One of those offering life-changing charitable vacations is Ged Caddick who launched his ecotour company, Terra Incognita Ecotours. with the dumbfounding mission – to give his profits away! With a Masters Degree in Wildlife Ecology from the University of Florida, Ged has always been motivated by his passion for making a difference.

After successfully working in wildlife conservation, he launched Terra Incognita Ecotours, a Florida-based travel company with a massive, but simple mission – to give back.

Nine years later, Ged has donated more than $130,000 to charities in more than 7 countries, literally changing lives each and every time he gets on an airplane.

“The business model I created for Terra Incognita isn’t based on profits, like most businesses are. We measure success by how much we’re able to give away – the more the better,” says Ged.

So how does he do it? Every ecotour isn’t just an adventure of a lifetime – it’s a way for travelers to give back to the communities that so graciously host them for a day, a week or even a month. With destinations like Belize, Borneo, Brazil, China, India, Kenya, Rwanda, Madagascar and Tanzania, Ged’s ecotours attract travelers who want to visit the most exotic parts of the globe with an expert guide to show them the way.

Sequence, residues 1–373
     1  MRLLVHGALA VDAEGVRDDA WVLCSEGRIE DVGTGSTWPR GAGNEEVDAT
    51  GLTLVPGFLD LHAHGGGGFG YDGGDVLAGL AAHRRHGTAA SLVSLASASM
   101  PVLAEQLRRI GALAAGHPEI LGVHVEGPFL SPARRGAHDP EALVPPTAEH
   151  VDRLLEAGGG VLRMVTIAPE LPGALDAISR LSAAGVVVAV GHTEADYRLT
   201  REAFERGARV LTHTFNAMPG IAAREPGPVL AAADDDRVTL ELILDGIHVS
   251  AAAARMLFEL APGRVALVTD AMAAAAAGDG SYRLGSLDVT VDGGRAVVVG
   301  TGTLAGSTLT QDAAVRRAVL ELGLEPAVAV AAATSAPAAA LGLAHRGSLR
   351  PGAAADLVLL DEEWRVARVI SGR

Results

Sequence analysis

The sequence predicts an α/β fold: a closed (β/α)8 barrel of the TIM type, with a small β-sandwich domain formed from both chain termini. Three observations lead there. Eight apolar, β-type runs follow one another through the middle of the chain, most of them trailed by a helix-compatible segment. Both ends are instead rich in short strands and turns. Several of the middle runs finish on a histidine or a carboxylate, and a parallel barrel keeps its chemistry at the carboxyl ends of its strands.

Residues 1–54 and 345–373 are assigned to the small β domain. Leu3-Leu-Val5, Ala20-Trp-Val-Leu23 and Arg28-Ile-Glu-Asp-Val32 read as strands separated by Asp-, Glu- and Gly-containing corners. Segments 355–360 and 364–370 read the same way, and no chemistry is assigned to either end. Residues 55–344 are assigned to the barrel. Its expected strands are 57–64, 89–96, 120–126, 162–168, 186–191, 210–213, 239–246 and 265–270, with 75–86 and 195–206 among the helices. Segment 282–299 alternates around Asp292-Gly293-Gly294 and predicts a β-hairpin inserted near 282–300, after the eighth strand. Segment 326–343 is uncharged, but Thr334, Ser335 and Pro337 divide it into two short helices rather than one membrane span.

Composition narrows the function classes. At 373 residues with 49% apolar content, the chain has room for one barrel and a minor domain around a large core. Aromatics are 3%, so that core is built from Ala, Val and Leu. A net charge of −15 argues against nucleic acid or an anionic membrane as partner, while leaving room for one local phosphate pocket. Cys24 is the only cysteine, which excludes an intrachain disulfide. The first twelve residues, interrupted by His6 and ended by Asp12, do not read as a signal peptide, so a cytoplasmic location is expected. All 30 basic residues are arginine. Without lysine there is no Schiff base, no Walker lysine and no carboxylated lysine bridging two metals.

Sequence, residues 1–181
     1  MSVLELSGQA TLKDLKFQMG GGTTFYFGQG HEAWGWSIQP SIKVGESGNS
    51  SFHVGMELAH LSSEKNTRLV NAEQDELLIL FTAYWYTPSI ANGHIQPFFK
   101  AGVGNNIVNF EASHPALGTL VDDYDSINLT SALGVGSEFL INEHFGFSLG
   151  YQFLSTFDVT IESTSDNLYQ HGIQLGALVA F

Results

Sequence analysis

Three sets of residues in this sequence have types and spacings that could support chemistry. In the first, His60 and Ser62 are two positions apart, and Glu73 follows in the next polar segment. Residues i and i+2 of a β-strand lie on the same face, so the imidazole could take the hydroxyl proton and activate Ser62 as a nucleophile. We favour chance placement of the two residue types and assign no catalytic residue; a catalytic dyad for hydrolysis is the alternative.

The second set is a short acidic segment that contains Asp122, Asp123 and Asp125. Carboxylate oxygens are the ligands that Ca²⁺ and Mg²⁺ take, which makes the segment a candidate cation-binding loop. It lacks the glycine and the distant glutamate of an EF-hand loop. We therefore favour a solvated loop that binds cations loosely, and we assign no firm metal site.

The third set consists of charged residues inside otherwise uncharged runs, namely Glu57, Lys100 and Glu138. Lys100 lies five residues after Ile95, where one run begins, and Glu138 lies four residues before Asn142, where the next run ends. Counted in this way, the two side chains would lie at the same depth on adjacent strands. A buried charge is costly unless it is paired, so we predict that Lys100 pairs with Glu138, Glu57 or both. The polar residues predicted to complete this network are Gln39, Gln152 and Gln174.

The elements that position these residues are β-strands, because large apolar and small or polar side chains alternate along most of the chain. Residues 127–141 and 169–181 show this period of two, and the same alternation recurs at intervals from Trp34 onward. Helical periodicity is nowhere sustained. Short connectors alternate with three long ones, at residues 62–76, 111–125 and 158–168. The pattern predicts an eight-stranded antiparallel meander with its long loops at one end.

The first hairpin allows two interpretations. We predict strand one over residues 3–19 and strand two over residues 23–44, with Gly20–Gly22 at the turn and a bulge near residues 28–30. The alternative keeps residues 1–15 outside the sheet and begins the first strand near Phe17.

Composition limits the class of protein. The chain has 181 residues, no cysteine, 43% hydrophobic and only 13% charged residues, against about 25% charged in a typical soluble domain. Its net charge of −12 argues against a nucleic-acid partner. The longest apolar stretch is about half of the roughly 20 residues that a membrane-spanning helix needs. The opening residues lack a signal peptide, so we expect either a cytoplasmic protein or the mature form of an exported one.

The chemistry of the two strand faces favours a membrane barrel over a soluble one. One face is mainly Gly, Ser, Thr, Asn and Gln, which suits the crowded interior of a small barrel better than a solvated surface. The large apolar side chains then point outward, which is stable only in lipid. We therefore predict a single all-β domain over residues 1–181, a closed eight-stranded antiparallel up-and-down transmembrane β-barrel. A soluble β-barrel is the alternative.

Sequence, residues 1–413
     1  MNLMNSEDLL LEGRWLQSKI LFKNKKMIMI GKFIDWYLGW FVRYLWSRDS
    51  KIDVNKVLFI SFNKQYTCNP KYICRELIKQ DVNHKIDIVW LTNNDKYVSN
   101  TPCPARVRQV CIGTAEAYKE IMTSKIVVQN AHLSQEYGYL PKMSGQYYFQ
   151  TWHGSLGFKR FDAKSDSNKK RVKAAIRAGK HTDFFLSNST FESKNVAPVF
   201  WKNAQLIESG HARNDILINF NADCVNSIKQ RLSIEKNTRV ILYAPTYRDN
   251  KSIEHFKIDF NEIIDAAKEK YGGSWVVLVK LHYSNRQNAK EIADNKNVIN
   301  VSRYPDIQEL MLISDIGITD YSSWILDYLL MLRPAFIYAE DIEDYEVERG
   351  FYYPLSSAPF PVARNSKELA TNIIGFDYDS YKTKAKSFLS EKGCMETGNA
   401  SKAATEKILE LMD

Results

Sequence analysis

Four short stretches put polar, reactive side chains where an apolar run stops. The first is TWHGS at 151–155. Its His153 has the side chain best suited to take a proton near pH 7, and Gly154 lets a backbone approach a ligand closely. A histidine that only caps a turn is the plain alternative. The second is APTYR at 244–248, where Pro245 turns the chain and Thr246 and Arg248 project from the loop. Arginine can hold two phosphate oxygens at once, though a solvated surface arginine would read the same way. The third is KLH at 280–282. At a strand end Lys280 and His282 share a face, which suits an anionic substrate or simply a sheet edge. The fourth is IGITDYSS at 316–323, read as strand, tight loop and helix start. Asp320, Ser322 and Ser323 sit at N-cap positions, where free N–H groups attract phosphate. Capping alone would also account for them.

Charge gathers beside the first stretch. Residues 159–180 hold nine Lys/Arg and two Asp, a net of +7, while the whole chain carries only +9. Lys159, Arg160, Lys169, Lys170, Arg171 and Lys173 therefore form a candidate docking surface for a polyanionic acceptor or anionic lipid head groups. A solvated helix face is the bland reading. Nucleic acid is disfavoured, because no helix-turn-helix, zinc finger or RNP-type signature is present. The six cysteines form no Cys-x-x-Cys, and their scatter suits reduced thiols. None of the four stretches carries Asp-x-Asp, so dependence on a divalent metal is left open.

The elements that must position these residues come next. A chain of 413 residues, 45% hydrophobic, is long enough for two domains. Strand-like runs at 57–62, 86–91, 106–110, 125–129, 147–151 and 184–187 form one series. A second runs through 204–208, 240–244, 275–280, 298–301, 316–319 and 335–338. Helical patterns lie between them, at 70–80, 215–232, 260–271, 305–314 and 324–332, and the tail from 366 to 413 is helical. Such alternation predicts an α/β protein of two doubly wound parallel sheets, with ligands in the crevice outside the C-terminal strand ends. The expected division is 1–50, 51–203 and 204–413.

“My clients want an incredible experience, but they are thoughtful and responsible,” says Ged. “They want to visit communities in the most remote parts of the world and not just take an experience with them, they want to give something back, too. A percentage of every person’s tour goes directly and immediately back to a conservation partner in the areas we visit.”

Ged doesn’t just donate a check at the end of each year. He takes all of his travelers right to the organization to which they are contributing. In Rwanda, his tours visit the Gorilla Doctors, a non-profit group of veterinarians responsible for keeping the highly endangered Mountain Gorilla population healthy

Ged doesn’t just donate a check at the end of each year. He takes all of his travelers right to the organization to which they are contributing. In Rwanda, his tours visit the Gorilla Doctors, a non-profit group of veterinarians responsible for keeping the highly endangered Mountain Gorilla population healthy

Ged doesn’t just donate a check at the end of each year. He takes all of his travelers right to the organization to which they are contributing. In Rwanda, his tours visit the Gorilla Doctors, a non-profit group of veterinarians responsible for keeping the highly endangered Mountain Gorilla population healthy. They also visit the genocide museum to learn about the country’s past, giving his guests a glimpse of the enormous and seemingly insurmountable obstacles Rwandans have overcome in just 20 years.